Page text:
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Saginaw Lake Plain

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About the Saginaw Lake Plain

The Saginaw Lake Plain is a region located entirely within Michigan, including the "thumb" region of Michigan's lower peninsula, and extending along Saginaw Bay and significantly south and west from the thumb and bay. It can be seen as a more northerly continuation of the Maumee Lake Plain to the south, but bordering Lake Huron.

The region is mostly flat, underlain by clayey lake deposits, with some beach ridges and low dunes. Although there is some sand associated with beach formations, the soils are mostly poorly-drained, although not as much as regions farther south.

The region has a humid continental climate. During the summer, the lake significantly cools the climate in the thumb region, especially near the lake, whereas the more inland western portion of the region has warmer summers. In the coldest periods of winter, there is significant ice cover on the lake, which reduces the lake-effect snow as well as the moderating effect of the lake.

Original forest cover consisted of hemlock-Northern hardwood associations, with eastern hemlock (Tsuga canadensis), American beech (Fagus grandifolia), and sugar maple (Acer saccharum) as dominant trees. Drier beach ridges featured eastern hemlock and eastern white pine (Pinus strobus). Sandy, drier sites farther inland featured red pine (Pinus resinosa), eastern white pine, white oak (Quercus alba), and black oak (Quercus velutina). Poorly-drained sites featured conifer swamps of northern white-cedar (Thuja occidentalis), tamarack (Larix laricina), and balsam fir (Abies balsamea) intermixed with moisture-loving hardwood species such as elm, ash, and swamp white oak (Quercus bicolor). Relative to the lake plains to the south, this region had fewer oaks, and more pines, hemlock, and conifer swamps. In addition to forests, there was a broad band of coastal marshes and wet prairies lining Saginaw bay.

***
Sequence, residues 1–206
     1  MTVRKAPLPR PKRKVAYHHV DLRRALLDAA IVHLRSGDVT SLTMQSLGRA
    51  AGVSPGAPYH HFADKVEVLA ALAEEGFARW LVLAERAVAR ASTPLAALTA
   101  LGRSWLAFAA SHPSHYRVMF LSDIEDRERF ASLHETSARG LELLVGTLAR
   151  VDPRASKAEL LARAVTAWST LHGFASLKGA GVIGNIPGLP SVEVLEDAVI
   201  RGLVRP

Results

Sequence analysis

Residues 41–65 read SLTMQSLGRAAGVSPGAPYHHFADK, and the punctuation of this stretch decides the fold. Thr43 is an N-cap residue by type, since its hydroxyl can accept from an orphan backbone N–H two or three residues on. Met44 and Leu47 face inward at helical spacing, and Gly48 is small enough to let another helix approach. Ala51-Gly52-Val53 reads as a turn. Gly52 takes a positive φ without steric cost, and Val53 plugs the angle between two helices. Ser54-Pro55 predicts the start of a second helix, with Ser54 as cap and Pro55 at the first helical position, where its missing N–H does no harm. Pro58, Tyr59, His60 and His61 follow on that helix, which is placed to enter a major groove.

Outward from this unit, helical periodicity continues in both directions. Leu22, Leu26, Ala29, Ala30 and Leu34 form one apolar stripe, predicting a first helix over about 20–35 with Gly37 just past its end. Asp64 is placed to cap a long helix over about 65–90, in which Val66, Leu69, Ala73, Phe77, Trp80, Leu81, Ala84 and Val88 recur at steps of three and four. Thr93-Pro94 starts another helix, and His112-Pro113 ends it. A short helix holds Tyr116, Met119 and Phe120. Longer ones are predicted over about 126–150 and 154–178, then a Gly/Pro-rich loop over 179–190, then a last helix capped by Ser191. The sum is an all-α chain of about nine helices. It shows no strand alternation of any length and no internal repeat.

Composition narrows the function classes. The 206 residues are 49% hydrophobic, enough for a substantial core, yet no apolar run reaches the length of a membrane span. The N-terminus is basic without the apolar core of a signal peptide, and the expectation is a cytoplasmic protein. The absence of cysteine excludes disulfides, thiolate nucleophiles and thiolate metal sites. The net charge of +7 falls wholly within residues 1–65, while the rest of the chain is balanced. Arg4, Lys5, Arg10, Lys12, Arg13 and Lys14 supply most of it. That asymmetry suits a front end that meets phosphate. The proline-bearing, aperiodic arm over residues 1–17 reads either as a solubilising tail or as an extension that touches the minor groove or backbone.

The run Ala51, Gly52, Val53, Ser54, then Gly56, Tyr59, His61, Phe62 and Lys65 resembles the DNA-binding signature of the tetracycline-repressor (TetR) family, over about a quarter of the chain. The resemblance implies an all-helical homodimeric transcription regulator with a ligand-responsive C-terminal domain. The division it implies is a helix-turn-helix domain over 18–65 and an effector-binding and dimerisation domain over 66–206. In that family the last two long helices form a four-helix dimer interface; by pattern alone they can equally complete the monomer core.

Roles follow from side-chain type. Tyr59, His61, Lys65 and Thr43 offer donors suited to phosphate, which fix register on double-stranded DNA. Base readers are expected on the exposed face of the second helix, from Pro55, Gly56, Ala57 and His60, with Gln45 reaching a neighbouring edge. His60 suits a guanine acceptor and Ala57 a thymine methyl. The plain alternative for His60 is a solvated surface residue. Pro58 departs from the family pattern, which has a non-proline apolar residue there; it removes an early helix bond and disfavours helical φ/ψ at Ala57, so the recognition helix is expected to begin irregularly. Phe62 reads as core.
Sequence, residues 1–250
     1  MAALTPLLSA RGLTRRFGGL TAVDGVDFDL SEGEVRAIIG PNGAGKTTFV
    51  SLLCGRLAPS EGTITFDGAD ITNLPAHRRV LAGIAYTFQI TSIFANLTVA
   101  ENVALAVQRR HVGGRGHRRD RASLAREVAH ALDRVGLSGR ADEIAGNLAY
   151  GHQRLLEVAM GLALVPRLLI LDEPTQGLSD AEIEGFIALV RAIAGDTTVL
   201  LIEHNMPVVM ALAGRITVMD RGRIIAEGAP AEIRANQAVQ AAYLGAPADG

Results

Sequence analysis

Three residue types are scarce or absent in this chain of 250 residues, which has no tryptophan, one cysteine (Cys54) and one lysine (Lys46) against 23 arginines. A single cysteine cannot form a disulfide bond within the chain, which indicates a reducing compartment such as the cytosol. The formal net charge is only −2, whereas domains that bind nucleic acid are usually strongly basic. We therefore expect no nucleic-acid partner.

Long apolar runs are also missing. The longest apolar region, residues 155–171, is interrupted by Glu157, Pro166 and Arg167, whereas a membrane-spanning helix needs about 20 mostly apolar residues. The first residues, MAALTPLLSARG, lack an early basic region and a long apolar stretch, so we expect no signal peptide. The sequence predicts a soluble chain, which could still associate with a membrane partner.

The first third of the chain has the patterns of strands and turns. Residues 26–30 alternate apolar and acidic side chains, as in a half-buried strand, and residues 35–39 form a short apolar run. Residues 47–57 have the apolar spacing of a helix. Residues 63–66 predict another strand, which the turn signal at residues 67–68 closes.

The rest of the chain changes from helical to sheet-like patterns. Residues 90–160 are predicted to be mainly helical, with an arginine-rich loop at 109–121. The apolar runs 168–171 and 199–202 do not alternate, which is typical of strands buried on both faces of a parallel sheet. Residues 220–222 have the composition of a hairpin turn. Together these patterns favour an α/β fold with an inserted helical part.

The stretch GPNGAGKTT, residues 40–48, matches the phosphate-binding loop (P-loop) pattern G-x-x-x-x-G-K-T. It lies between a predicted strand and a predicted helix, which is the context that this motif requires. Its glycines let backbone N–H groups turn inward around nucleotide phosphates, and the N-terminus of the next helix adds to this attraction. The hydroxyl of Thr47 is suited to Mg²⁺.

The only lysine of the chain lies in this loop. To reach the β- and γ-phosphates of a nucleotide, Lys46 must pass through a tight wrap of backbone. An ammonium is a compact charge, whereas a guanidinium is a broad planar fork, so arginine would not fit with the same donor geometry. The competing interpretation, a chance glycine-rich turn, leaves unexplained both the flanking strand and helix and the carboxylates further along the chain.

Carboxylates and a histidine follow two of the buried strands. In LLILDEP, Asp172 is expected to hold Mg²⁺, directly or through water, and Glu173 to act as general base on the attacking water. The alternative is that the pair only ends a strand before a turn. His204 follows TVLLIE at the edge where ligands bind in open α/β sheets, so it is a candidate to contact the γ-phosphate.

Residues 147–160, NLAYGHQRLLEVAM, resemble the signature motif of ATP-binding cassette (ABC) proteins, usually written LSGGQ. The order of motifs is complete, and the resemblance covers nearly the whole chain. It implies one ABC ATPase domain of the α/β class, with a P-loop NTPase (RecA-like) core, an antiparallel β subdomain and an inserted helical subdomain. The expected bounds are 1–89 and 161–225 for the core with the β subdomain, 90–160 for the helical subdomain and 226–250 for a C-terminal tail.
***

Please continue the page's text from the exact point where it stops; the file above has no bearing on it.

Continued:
The original forests have been entirely cleared. What forest cover remains is a very different earlier-successional community, including aspen, black cherry (Prunus serotina), tamarack or larch, paper birch (Betula papyrifera), and red maple (Acer rubrum).

Sites with clay soils have been extensively drained and cultivated for agriculture, which produces corn, soybeans, white beans, and sugar beets, as well as dairy and livestock. In the agricultural areas though, there are only small, isolated woodlots. A smaller portion of the sand plains and beach ridges have been drained and cultivated, due to a combination of their poor suitability to agriculture and high risk of erosion. The northwestern part of this region has large, unbroken tracts of forest, and an even broader region that is mostly forested but where the forests are fragmented by a grid of roads and scattered residential development.

This region is mostly sparsely populated, although there are the smaller cities of Midland and Saginaw, and numerous smaller towns.

In the east, the southern border of this region with the Maumee Lake Plain represents a gradual transition and is somewhat arbitrary; it has been drawn south of the Black River so as to keep its watershed intact. However there is also a change in soil type, with finer-grained soils to the south. Most of this region is bordered to the west and south by the Lansing Loamy Plain, and in the east there is a small border to the southwest by the Interlobate Dead Ice Moraines. Both of these borders are well-defined and marked by topographic changes associated with terminal moraines. To the north, this region is bordered by the Tawas Lake Plain in another gradual transition marked more by a cooler climate and associated changes in soils and ecosystems.

A flat landscape, mostly dominated by farms, with a small woodlot on the left, is typical of most of the Saginaw Lake Plain. This is a crop of a Photo © Ken Lund, CC BY-SA 2.0, Source.

References

1. Omernik, J.M., Bryce, S.A. "Michigan: Level III and IV Ecoregion Descriptions / Mapping Issues", US EPA (2007) Web.